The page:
Seven episodes into the season, and Sleepy Hollow continues to impress. Although we should now be accustomed to the sight of the Headless Horseman, it’s a credit to the show that his visage (or lack thereof) is as frightening as ever. Last night’s episode, ”The Midnight Ride,” brought us more of the axe-wielding terror, as we learned of his role in Paul Revere’s famous ride, and Crane and Abbie uncovered an invaluable lesson from the freemasons introduced in episode six.
”The Midnight Ride” opened with a scene many viewers (especially New Englanders) surely recalled from elementary school studies of the Revolutionary War. Paul Revere’s ride is reenacted with a few new twists. In Sleepy Hollow’s version, Revere is initially riding with a couple of cohorts who lose their heads courtesy of the Horseman. As Revere barely escapes, he continues to warn the towns that “The Regulars are coming!” which Crane contends is the authentic version of ”The British are coming!”
Last week’s episode introduced viewers to the order of freemasons who had taken it upon themselves to rid the world of the Horseman and the evil he planned to unleash. Crane began this episode with big plans to meet up with the masons who had more knowledge to share with him. However, the Headless Horseman gets to them first and leaves a meeting house full of headless bodies waiting for Crane and Abbie. In this scene, Crane is enraged at the Horseman who made a bloodbath out of his fellow brothers. Tom Mison could be accused of overacting a bit here, but it’s also fitting of a character that must always seem out of place in contemporary society. These moments, however, are best executed when employed with humor. Crane is at his most authentic when he’s balking at the notion of paying money for bottled water, or when he’s making hilarious attempts to work a Macbook (definitely one of the highlights of this episode).
Things take a fascinating turn when Abbie and Crane learn that the Horseman is in the midst of a desperate search for his skull. The eternally skeptical police captain, Frank Irving (played aptly by Orlando Jones), finally gets the proof he’s been looking for when he takes possession of the skull as evidence and comes face to face with the Horseman himself. This moment will surely prove crucial to the overarching storyline of the series, for Abbie and Crane now have one more believer on their side.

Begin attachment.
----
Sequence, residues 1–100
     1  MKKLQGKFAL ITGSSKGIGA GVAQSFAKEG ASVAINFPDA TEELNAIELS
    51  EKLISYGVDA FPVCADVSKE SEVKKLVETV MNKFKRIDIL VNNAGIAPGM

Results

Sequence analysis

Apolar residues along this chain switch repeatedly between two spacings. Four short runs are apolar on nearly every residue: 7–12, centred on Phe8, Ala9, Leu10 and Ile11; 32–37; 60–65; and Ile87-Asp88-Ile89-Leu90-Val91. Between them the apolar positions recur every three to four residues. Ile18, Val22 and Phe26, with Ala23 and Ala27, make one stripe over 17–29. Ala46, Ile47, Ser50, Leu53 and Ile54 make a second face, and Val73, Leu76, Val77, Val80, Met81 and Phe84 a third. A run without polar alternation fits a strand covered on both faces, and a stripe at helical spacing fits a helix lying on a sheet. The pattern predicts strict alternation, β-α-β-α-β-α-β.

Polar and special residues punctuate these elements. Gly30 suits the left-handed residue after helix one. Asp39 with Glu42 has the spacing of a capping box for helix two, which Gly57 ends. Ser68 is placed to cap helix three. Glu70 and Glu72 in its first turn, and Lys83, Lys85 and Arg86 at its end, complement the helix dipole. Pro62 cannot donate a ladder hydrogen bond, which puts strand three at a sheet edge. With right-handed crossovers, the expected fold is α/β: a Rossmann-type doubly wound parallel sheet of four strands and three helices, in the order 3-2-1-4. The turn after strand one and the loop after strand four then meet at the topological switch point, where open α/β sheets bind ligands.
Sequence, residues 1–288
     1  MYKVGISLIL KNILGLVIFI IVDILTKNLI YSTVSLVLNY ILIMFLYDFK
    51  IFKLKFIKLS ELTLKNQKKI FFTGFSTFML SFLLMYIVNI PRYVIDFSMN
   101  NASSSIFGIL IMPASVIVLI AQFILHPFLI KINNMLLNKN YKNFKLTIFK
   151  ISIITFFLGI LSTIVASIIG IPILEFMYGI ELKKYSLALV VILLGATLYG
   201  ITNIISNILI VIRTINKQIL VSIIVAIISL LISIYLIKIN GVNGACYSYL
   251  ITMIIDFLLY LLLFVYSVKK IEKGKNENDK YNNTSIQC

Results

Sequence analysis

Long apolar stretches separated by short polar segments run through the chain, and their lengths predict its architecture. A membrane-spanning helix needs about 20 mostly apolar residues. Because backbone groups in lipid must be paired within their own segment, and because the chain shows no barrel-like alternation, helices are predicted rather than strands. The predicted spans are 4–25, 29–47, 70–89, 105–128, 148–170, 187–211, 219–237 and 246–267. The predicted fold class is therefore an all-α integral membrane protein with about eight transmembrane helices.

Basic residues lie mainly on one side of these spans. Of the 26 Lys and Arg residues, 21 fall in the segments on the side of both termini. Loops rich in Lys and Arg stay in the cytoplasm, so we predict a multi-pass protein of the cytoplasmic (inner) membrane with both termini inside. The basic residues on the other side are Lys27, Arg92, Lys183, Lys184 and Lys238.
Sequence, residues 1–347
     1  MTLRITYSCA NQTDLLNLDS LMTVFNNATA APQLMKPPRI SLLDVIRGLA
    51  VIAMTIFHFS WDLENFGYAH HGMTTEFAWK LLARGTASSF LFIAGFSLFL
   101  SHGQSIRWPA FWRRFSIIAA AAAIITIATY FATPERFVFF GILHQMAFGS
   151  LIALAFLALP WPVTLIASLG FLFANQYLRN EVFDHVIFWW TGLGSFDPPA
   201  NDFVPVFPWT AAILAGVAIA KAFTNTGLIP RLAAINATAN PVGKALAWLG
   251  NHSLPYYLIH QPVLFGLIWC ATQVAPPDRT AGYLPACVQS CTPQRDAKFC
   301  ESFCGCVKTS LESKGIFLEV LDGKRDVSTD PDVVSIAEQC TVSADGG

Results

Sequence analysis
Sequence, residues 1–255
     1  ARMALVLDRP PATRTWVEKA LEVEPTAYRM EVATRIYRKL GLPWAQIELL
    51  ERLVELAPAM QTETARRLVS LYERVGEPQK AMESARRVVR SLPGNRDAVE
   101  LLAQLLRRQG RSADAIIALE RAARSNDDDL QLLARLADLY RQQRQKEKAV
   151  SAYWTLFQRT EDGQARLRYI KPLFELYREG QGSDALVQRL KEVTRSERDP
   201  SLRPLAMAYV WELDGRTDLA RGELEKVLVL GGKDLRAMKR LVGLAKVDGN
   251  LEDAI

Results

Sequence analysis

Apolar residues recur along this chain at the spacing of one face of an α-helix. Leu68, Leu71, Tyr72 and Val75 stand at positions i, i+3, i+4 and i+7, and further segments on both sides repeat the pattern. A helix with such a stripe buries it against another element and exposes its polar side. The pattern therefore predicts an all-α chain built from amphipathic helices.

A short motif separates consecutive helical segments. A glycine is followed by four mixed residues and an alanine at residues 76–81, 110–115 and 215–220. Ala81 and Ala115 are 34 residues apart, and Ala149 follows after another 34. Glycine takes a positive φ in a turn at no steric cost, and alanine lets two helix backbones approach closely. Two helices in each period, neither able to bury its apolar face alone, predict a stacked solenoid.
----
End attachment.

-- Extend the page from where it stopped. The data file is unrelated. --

Irving fends off the Horseman and gets the skull to Abbie and Crane, but they find that it is literally impossible to destroy. They’ve also been served their own set of skulls, as the Horseman left them a sign using the heads of Crane’s Freemason brothers, which he turned into lanterns (putting a gory twist on a similar act performed by Paul Revere on his ride).
In the meantime, dead (or undead) officer Andy Brooks continues to haunt the Hollow, although instead of doing the Horseman’s bidding he now seems to be protecting Abbie. It’s difficult to trust a guy whose neck we recently saw bend backwards in an absolutely horrifying way, but he spent this episode warning Abbie of danger and demanding that her ex-boyfriend and fellow cop stay away from her so that he could properly protect her.
Abbie and Crane eventually crack the code to the manuscript created by the masons, which tells them how to capture the Horseman (who cannot be killed because he is death itself). In the episode’s climax, Abbie & Crane get pretty gangsta, luring the Horseman into a sewer where they plan to capture him with the only thing he fears: sunlight. (Abbie came up with the brilliant idea to use UV light so they could capture him during his midnight ride.) The final scene is truly haunting as Crane, Abbie and Frank stand around a falling Horseman who staggers to the ground with a silent (headless) scream. But the episode ends with some serious ambiguity, in part because we know he has been trapped but not destroyed, and we also don’t know what the next move is for Abbie and Crane, the witnesses of Sleepy Hollow.
In addition to being a strong show with capable actors, Sleepy Hollow does something more primetime shows should or could be doing; it utilizes actors of color even when—get this—the role does not necessarily call for it. Three of the main characters— Abbie, Frank, and Abbie’s sister Jenny— could have just as easily been played by white actors. It’s refreshing to see that the folks behind the series went in a different direction, without writing material that draws attention to this. Although it must be said that one of the best moments of the episode came when Abbie and Frank had to break it to Crane that his beloved Thomas Jefferson had fathered children with one of his enslaved women, Sally Hemings. The look of outrage on Crane’s face was priceless, as he attempted to defend Jefferson’s honor. Hopefully we can look forward to more subtle (and not so subtle) quips like this throughout the season.
Favorite Quote of the Episode: ”You can’t kill death, but you can trap him.” (Andy)